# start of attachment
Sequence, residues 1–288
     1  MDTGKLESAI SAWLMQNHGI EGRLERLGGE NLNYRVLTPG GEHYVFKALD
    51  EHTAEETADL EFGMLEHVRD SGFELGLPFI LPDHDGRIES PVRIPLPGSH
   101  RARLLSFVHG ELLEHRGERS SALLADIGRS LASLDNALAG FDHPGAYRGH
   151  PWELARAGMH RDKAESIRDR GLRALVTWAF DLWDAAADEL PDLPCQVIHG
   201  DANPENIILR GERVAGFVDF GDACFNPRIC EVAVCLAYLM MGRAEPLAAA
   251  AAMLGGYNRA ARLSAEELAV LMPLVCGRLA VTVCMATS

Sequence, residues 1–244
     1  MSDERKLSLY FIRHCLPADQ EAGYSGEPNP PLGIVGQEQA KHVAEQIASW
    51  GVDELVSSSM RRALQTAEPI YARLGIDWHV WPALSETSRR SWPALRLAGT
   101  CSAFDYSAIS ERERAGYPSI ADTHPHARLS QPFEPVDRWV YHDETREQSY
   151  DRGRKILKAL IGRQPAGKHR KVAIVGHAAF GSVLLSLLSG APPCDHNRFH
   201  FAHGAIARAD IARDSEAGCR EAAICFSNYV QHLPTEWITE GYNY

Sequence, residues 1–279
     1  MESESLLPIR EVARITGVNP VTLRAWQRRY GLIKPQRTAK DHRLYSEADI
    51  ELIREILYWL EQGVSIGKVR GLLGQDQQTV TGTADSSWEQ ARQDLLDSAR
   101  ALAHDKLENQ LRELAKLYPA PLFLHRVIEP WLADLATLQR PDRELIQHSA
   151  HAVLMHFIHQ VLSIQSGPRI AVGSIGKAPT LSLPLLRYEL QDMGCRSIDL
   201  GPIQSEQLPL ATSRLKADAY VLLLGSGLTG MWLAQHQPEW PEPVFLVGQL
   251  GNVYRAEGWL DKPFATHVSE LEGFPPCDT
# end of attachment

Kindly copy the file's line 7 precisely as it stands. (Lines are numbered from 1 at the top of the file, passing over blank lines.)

   251  AAMLGGYNRA ARLSAEELAV LMPLVCGRLA VTVCMATS